“Kids feel nature’s magic."
This was the opening message from Conservation Trust for North Carolina board president John Wilson as he welcomed guests to the region’s first Children and Nature Summit, held May 21 at the N.C. Museum of Natural Science’s Prairie Ridge Ecostation.
Concepts considered at Children and Nature Summit
Brainstorming ways to connect kids with nature
The summit brought together more than 50 leaders from conservation, environmental education, health and wellness, and youth programs to explore ways to get more children outdoors and connected to the natural world.
“Children have a special ability to connect with land, trees, animals, and water.” Wilson said.
Many families, like his own, have difficulty carving out time for unstructured play time outside because of busy schedules that include homework, organized sports, and other activities, he said. Others are captivated by video games, going online or similar technological activities studies indicate that children spend about 50 hours per week “hooked up” to electronic devices.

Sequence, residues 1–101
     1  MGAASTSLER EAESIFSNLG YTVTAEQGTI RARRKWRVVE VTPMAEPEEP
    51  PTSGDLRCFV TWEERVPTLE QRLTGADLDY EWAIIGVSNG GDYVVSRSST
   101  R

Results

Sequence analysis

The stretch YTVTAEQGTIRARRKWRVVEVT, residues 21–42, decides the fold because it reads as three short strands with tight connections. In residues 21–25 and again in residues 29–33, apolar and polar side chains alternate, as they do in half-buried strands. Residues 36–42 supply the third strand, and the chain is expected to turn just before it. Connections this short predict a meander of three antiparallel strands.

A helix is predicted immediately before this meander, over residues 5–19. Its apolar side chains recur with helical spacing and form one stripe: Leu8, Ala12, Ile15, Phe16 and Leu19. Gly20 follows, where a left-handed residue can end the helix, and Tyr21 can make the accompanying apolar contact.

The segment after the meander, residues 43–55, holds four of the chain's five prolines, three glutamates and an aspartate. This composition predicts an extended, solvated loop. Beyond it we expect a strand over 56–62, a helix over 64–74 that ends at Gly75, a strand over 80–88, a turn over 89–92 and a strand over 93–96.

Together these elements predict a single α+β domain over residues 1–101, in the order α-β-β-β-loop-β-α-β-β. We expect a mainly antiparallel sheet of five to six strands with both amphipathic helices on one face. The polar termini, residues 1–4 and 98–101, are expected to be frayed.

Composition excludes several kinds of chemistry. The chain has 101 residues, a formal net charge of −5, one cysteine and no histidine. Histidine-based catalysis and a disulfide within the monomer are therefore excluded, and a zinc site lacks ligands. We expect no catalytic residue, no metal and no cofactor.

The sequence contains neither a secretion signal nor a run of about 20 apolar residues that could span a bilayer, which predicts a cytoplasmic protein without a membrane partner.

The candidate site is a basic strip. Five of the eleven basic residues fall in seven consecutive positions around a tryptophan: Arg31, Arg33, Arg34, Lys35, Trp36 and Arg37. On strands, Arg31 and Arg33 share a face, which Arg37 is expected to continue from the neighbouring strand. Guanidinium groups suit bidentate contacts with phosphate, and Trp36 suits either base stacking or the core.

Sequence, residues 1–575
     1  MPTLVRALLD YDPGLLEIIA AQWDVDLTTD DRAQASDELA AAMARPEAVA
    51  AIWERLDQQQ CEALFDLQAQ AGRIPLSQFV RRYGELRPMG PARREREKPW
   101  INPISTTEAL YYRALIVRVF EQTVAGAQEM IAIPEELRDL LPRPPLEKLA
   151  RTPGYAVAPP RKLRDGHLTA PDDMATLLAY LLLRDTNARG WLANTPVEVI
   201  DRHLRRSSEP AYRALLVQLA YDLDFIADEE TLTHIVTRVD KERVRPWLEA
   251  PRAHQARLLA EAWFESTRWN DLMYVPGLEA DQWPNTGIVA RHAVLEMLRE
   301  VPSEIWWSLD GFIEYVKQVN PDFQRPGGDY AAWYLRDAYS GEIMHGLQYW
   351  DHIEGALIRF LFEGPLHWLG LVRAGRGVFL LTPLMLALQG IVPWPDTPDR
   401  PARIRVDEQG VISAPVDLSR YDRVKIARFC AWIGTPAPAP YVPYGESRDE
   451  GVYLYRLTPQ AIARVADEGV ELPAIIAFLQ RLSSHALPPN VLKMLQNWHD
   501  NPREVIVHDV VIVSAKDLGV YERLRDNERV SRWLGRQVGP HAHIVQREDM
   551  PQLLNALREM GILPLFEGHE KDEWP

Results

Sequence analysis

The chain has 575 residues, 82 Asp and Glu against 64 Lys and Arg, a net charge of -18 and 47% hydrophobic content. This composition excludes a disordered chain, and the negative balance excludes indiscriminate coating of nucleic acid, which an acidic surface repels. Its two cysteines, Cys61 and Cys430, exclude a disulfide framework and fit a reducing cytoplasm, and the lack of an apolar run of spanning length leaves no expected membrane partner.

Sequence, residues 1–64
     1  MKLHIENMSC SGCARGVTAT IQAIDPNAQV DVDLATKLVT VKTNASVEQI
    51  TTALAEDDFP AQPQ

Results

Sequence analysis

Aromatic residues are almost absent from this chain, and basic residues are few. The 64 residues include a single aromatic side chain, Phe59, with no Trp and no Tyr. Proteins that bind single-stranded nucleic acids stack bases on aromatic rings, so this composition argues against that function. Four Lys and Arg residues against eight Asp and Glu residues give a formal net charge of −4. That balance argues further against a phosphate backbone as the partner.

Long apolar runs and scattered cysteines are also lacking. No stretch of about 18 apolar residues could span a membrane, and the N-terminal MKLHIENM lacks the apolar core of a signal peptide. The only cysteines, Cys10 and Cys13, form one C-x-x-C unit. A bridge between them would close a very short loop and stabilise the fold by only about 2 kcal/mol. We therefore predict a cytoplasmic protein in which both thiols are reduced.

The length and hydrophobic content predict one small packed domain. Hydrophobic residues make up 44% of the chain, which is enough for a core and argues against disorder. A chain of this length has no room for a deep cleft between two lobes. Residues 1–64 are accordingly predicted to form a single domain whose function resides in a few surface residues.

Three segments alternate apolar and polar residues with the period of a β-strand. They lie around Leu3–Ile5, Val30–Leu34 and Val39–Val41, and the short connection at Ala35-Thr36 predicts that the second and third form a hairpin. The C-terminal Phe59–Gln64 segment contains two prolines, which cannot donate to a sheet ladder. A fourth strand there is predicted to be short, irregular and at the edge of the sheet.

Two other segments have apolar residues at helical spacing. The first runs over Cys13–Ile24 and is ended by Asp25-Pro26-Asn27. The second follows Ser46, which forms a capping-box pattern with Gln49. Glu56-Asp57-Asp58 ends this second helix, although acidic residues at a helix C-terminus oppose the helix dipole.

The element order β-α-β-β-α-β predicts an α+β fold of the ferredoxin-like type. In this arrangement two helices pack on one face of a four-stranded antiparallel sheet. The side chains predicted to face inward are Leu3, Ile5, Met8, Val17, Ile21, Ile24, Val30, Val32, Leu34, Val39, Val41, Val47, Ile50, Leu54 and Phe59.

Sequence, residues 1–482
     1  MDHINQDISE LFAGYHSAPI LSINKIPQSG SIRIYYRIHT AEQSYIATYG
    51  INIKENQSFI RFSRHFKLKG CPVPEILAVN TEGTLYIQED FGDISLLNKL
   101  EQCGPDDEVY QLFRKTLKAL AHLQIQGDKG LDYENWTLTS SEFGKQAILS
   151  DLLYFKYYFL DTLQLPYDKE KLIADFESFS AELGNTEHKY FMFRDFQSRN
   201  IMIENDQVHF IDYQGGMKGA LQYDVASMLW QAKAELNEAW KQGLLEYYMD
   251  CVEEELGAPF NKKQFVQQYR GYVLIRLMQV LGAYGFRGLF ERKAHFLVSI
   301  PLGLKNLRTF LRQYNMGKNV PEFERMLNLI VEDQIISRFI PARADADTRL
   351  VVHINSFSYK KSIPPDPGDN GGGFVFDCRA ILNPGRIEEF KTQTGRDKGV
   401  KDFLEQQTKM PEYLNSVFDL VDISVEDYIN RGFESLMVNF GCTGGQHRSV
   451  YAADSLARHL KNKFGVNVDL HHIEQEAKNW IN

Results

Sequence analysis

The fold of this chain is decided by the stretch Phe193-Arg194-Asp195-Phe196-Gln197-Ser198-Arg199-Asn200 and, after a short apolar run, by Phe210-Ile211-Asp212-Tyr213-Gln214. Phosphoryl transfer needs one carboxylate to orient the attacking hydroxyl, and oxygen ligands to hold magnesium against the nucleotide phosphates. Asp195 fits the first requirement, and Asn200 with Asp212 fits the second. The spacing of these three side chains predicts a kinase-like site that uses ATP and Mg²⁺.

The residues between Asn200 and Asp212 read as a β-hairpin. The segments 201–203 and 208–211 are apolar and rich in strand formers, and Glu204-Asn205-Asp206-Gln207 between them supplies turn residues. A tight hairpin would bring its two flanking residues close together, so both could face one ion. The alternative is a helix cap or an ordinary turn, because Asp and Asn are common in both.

Others may live in urban areas with limited access to trails and parks. Some parents may not have time to spend outside with their children and aren’t comfortable letting the kids play unsupervised. And many schools have cut outdoor education programs or lack open space for recess.
That’s why CTNC and local land trusts are trying to help families find ways to get their kids back in touch with nature. They’ll reap benefits for their health and well-being. And we believe that land…
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